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Views and Reviews-- Shelly Bryant

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A Voice For Singaporean Poetry
Shelly Bryant

David Liew

Yong Shu Hoong’s poetry might have some real interest to Americans. Yong lived in the US for a period of time while doing his studies, and much of his first volume of poems, Isaac, contains reflections on his experiences there. His most recent volume, frottage, was conceived in 2002 on a trip to Australia. On this trip, Yong visited an exhibition of Max Ernst’s art, and the time spent with Ernst’s works began his writing of the poems in frottage (2005). However, as he points out in his afterword to the volume, the poems eventually came to be inspired more by Australia than by Ernst.

I love this about Yong, that he allows me to see the world through Singaporean eyes. In Isaac, I read over many poems that were concerned with places which I had lived and/or visited in the US as a kid, before I moved to Singapore. In that sense, it offers me a sort of “reverse process” of my own experiences. Instead of viewing Singpaore with American eyes, I was able to view America through Singaporean eyes. This, for me, makes the reading of Yong’s poems an especially fun sort of game.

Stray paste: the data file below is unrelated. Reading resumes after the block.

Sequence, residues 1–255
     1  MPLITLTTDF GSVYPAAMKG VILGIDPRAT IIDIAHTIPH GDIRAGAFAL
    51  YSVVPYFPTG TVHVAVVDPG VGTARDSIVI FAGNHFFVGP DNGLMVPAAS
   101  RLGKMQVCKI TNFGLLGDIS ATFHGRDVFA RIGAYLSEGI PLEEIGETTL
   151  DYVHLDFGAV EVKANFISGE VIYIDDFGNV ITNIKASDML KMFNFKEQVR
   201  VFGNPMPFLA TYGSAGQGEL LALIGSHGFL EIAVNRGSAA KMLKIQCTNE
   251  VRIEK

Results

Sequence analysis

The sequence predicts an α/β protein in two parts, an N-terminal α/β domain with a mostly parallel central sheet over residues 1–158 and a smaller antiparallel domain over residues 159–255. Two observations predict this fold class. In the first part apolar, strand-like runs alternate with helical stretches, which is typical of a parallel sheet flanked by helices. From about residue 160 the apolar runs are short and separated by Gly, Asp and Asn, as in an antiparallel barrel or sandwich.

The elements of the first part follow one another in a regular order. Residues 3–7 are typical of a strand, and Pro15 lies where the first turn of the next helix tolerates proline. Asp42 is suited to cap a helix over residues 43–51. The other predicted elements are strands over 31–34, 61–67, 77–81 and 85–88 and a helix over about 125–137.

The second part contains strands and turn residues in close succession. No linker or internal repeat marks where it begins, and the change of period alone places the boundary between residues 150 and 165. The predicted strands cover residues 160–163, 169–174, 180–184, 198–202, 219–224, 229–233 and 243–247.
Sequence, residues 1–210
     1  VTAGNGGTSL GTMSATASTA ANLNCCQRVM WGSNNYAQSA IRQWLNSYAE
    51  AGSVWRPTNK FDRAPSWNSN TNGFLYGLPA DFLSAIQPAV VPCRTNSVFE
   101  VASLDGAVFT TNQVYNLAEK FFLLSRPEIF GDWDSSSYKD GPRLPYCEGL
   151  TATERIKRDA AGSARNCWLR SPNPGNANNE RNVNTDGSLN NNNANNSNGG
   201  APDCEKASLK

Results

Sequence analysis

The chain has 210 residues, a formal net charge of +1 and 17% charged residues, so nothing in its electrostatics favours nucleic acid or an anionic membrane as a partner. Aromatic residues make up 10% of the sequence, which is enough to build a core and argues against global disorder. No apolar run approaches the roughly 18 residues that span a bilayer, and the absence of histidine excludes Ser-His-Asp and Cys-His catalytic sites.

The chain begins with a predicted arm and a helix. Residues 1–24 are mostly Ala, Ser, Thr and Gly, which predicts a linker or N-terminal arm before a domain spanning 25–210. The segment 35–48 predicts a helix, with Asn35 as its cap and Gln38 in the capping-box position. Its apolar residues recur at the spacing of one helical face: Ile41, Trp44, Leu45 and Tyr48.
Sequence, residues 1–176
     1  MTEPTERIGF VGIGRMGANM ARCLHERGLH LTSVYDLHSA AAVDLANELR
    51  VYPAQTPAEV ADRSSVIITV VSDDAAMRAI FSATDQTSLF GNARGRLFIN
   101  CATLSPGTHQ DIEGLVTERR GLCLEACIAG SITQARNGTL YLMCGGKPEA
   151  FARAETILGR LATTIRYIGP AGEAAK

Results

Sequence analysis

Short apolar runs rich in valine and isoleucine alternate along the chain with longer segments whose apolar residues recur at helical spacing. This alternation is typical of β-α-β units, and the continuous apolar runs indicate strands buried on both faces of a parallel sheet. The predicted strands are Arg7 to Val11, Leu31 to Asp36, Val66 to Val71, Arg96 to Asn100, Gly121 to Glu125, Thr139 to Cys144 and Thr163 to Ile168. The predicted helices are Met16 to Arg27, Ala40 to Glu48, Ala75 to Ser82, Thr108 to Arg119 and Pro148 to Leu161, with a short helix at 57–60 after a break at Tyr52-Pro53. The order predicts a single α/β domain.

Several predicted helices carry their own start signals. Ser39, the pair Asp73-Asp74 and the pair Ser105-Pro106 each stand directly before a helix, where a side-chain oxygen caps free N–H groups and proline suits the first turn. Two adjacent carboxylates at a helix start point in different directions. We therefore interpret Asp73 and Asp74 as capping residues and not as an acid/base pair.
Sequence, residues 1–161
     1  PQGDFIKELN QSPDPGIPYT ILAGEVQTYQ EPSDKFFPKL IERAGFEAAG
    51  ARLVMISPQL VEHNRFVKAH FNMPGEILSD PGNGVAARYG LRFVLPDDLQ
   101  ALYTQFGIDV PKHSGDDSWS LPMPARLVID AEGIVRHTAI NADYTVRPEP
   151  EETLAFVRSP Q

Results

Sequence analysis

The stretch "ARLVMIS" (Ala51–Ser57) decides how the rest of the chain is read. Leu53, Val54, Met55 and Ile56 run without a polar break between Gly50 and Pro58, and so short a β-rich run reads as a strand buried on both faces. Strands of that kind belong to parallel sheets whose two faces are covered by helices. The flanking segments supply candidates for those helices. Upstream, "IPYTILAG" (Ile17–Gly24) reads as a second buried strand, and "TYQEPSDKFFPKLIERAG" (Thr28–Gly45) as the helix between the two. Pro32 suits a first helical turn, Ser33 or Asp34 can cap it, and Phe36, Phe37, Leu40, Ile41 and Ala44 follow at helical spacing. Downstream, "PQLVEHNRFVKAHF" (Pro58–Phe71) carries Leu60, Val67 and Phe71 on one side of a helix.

That’s not to say that one has to have shared my experience to appreciate his poetry. He has a real sense of place in his work, and it is quite beautiful for that.

And his experiementation with words is fun to partake in too. Just his afterword’s description of how he came to the title of his most recent volume, and how the exploration of the word “frottage” led him to new discoveries which have shaped this collection of poems, is a very interesting read. It demonstrates a real engagement with language and the texture of words. And the book’s cover highlights this aspect of Yong’s work; it is really a beautifully put-together volume -- very coherent in form, in language, and in its total packaging.

One aspect of Isaac which I find especially appealing is the final section, entitled (Jia Shi) or “Family Matters.” I find it very telling that these poems, which are side by side with his reflections on his time spent in the US, are written in both Mandarin and English. It seems to me to be very representative of the Singaporean mindset -- while most Singaporeans are very adaptable to “Western” cultures, and are very capable of moving about in them (and in the languages they speak), there is still a preference for traditional mindsets and languages taken from their racial backgrounds when speaking of home and family.


Yong’s first collection, Isaac, is available at Amazon.

This article first appeared at Shelly Bryant’s blog site in January 2006


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